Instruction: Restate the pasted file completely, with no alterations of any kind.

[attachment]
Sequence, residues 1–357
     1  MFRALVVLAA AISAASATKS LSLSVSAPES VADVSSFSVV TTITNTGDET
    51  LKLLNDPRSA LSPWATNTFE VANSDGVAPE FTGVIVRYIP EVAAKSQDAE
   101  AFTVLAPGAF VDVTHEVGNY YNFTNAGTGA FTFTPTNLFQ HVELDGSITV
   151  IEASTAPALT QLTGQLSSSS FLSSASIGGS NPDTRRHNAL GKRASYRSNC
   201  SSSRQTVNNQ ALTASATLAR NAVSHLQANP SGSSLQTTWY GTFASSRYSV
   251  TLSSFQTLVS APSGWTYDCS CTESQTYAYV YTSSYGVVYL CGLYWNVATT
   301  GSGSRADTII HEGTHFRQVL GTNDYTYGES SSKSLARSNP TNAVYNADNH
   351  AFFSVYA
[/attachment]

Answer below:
Sequence, residues 1–357
     1  MFRALVVLAA AISAASATKS LSLSVSAPES VADVSSFSVV TTITNTGDET
    51  LKLLNDPRSA LSPWATNTFE VANSDGVAPE FTGVIVRYIP EVAAKSQDAE
   101  AFTVLAPGAF VDVTHEVGNY YNFTNAGTGA FTFTPTNLFQ HVELDGSITV
   151  IEASTAPALT QLTGQLSSSS FLSSASIGGS NPDTRRHNAL GKRASYRSNC
   201  SSSRQTVNNQ ALTASATLAR NAVSHLQANP SGSSLQTTWY GTFASSRYSV
   251  TLSSFQTLVS APSGWTYDCS CTESQTYAYV YTSSYGVVYL CGLYWNVATT
   301  GSGSRADTII HEGTHFRQVL GTNDYTYGES SSKSLARSNP TNAVYNADNH
   351  AFFSVYA